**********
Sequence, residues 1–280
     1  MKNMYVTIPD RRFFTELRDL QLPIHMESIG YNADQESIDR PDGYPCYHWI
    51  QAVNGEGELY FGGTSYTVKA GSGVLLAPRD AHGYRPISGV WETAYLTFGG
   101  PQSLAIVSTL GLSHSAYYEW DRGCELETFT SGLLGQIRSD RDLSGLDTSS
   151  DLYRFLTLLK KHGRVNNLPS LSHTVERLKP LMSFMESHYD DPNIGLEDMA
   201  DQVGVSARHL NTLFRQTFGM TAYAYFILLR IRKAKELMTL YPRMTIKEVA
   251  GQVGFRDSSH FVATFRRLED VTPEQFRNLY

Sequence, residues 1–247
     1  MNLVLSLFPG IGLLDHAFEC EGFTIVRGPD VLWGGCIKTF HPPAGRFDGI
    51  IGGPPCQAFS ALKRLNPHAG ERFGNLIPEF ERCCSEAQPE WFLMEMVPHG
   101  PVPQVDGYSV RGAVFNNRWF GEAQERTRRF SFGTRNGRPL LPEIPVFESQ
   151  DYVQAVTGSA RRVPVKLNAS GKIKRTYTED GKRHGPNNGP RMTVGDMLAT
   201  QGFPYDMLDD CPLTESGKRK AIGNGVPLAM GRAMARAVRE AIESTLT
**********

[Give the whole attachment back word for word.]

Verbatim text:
Sequence, residues 1–280
     1  MKNMYVTIPD RRFFTELRDL QLPIHMESIG YNADQESIDR PDGYPCYHWI
    51  QAVNGEGELY FGGTSYTVKA GSGVLLAPRD AHGYRPISGV WETAYLTFGG
   101  PQSLAIVSTL GLSHSAYYEW DRGCELETFT SGLLGQIRSD RDLSGLDTSS
   151  DLYRFLTLLK KHGRVNNLPS LSHTVERLKP LMSFMESHYD DPNIGLEDMA
   201  DQVGVSARHL NTLFRQTFGM TAYAYFILLR IRKAKELMTL YPRMTIKEVA
   251  GQVGFRDSSH FVATFRRLED VTPEQFRNLY

Sequence, residues 1–247
     1  MNLVLSLFPG IGLLDHAFEC EGFTIVRGPD VLWGGCIKTF HPPAGRFDGI
    51  IGGPPCQAFS ALKRLNPHAG ERFGNLIPEF ERCCSEAQPE WFLMEMVPHG
   101  PVPQVDGYSV RGAVFNNRWF GEAQERTRRF SFGTRNGRPL LPEIPVFESQ
   151  DYVQAVTGSA RRVPVKLNAS GKIKRTYTED GKRHGPNNGP RMTVGDMLAT
   201  QGFPYDMLDD CPLTESGKRK AIGNGVPLAM GRAMARAVRE AIESTLT